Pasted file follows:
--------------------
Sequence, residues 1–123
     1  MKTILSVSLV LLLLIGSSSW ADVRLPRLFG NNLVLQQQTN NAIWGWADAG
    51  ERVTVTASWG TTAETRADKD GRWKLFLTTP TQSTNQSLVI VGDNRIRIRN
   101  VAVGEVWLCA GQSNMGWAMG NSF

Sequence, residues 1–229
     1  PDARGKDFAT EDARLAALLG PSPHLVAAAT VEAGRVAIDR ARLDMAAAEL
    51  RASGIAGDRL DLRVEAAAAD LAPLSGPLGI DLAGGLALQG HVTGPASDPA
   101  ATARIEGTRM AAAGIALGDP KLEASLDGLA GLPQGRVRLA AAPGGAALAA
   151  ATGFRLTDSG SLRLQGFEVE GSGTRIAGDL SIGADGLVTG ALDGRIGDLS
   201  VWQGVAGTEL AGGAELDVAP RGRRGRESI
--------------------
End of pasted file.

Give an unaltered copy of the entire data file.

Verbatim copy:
Sequence, residues 1–123
     1  MKTILSVSLV LLLLIGSSSW ADVRLPRLFG NNLVLQQQTN NAIWGWADAG
    51  ERVTVTASWG TTAETRADKD GRWKLFLTTP TQSTNQSLVI VGDNRIRIRN
   101  VAVGEVWLCA GQSNMGWAMG NSF

Sequence, residues 1–229
     1  PDARGKDFAT EDARLAALLG PSPHLVAAAT VEAGRVAIDR ARLDMAAAEL
    51  RASGIAGDRL DLRVEAAAAD LAPLSGPLGI DLAGGLALQG HVTGPASDPA
   101  ATARIEGTRM AAAGIALGDP KLEASLDGLA GLPQGRVRLA AAPGGAALAA
   151  ATGFRLTDSG SLRLQGFEVE GSGTRIAGDL SIGADGLVTG ALDGRIGDLS
   201  VWQGVAGTEL AGGAELDVAP RGRRGRESI